Using Go timers for MQTT testing

Go timers along with a select can be used to simplify testing both read and write side of communication protocols. In this article you will learn to combine a Go timer along with a select statement to test both sides with a single test case.

This article uses a Go timer and the Go select statement to test our MQTT publish and subscribe in a single simple test statement. A quick note on the go testing package: it is much like the JUnit where tests using a particular naming convention TestXXX(t *testing.T) {} will be run automatically with easy to reports having been generated.

The Problem

The following code snippet is directly from the IoTe edge gateway project. One of the primary features of IoTe is the ability to send and receive MQTT messages.

The problem comes when trying to test code that is invoked only when a network connection is made and data is copied. This typically requires two different processes.

Performing read and writes in one function

For example testing MQTT publish and subscribe typically requires two processes, one for each the publisher (sender) and one for the (subscriber). Hence you need to control two different programs to perform this type of test.

Another problem happens because the subscriber has to register the callback before a packet is published. The listen function will be waiting for a packet to arrive before the call to publish a message is called.

A timeout is needed

The subscribe (reader) will be waiting for an unspecified period of time for the publisher (writer) to send a message. We need to determine when too much time has passed for the test packet to be recieved and the associtated message passed back to the parent function indicating a successful message.

We will wait for half a second before we determine the test has failed.

The follow test taken directly from the iote test cases see mqtt_test.go as a reference. Let’s check out the code.

// TestMQTT ensures that we can a) subscribe to a specific channel
// b) publish data to a specific channel and c) recieve the data before
// a timeout.  In this test we 
func TestMQTT(t *testing.T) {
    // Messanger is basically a wrapper around the MQTT client, we
	// will use it to subscribe to the test channel and subsequently
    // publish a message to the channel
	msg := GetMessanger()
	if msg == nil {
		t.Error("Expected a messanger but got nil")

    // set up some variables for the test
	topic := "iote/test"
	message := "Hello, World!"
    // this is the channel used by the callback to communicate to the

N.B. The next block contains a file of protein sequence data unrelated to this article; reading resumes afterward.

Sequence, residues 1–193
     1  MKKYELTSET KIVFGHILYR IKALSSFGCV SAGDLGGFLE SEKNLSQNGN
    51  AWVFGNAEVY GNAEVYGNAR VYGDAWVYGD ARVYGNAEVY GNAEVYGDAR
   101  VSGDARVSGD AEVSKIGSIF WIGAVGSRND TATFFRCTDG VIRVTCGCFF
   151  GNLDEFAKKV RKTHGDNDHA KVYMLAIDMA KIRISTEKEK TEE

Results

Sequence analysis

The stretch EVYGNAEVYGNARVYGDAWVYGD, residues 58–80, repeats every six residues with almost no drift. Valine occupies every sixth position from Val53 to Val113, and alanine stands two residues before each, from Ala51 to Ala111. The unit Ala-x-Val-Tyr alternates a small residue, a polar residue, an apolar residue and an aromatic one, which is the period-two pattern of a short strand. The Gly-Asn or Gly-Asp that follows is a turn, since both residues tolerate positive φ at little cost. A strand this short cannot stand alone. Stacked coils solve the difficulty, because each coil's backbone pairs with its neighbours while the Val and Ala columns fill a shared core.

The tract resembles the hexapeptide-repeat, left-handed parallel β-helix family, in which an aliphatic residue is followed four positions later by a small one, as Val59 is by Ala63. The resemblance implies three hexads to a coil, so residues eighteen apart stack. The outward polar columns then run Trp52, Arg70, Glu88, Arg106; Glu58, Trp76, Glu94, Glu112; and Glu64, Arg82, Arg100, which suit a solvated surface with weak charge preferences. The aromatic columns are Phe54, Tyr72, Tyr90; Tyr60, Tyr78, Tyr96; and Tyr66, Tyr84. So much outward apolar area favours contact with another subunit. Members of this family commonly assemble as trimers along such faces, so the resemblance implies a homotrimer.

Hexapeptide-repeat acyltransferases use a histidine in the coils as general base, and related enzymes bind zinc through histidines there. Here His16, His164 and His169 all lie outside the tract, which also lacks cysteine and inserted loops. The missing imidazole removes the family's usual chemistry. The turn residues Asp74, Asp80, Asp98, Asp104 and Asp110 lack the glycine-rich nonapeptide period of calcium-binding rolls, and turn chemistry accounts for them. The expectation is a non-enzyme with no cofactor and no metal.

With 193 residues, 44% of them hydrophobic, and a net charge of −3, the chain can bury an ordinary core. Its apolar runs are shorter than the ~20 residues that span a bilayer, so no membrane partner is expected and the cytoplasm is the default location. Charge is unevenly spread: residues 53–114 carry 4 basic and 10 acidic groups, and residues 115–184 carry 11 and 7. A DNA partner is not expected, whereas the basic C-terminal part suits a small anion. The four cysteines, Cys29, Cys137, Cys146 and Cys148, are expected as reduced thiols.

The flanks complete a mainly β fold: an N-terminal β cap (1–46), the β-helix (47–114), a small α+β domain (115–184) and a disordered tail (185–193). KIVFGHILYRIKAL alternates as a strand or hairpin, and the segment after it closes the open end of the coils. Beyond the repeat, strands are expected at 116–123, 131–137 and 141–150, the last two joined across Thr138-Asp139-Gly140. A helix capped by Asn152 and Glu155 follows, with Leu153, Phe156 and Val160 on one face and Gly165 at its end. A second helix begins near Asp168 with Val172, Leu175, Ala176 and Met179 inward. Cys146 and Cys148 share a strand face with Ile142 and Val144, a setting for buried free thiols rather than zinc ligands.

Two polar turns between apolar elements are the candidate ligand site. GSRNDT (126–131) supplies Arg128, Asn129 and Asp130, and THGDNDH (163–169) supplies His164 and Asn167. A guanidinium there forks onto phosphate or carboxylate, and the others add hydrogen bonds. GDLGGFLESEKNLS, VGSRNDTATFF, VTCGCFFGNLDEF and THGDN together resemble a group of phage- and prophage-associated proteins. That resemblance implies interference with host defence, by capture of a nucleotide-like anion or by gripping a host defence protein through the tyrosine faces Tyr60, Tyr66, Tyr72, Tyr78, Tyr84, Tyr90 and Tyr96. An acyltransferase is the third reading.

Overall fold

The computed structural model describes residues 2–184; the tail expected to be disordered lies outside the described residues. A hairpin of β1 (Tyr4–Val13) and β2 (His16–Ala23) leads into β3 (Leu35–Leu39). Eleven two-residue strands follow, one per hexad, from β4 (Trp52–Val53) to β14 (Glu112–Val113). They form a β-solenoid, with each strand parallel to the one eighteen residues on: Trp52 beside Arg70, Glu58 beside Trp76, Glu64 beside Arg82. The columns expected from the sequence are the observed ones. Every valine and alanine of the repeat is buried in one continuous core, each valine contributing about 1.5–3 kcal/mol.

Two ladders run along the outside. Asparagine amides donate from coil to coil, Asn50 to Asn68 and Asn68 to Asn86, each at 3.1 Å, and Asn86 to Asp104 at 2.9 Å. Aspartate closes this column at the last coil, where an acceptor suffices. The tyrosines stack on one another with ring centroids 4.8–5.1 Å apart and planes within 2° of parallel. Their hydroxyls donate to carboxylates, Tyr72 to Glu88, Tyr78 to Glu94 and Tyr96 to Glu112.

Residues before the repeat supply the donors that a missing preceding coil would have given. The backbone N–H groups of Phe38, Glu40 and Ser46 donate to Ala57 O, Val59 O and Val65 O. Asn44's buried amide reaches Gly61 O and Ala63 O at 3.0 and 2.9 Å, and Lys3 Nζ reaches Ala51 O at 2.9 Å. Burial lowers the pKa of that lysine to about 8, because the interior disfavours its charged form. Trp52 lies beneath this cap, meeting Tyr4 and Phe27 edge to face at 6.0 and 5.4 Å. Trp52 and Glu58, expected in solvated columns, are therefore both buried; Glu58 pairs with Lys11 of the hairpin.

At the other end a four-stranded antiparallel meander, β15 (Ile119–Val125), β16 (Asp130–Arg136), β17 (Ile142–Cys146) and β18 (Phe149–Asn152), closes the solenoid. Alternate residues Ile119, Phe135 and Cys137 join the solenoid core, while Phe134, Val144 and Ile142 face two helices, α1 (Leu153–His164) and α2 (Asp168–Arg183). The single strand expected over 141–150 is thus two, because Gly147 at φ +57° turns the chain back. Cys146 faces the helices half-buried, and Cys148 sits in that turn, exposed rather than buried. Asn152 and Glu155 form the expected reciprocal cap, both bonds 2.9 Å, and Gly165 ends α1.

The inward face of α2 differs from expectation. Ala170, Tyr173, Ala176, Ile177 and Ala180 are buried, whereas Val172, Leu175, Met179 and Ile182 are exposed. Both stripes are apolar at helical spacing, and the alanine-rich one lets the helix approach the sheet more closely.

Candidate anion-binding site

// select statement that an MQTT message
	heard := make(chan bool)
    // Subscribe to the test topic and provide the anonymous call back
	msg.Subscribe("test", topic, func(c mqtt.Client, m mqtt.Message) {

		// This anonymous function is the callback for all messages sent
		// to the MQTT 'iot/test' topic
		if topic != m.Topic() {
			t.Errorf("Expected topic (%s) got (%s)", topic, m.Topic())
		if message != string(m.Payload()) {
			t.Errorf("Message expected (%s) got (%s) ", message, m.Payload())
		heard <- true		

    // Now publish the message
	msg.Publish("iote/test", 0, false, message)

    // wait for either a message on the 'heard' channel (pass!) or a
	// timeout (fail). 
	select {
	case <- heard:
		// Our message has been recieved. Yeah the test passed! Say nothing.

	case <-time.After(time.Second * 5):
		t.Error("Expected a message from client got nothing")

Explaining the Test

Since this is a unit test I wanted to be keep the test self contained in a single test case (function). with Go this can be easily accomplished without threads.

To test MQTT publish and subscribe in the same function we need to do the following:

  1. Provide the eclipse PAHO MQTT library with a callback function.

  2. The callback function will be anonymous with access to the variable in the scope of the test function. In other words, we don’t need to use a global variable.

  3. a channel to let the test function know that an MQTT message has been passed to the callback function.

  4. Finally the Go select statement will be used to select the first event between either a MQTT message being recieved by the callback or a timeout indicating no MQTT message was ever recieved.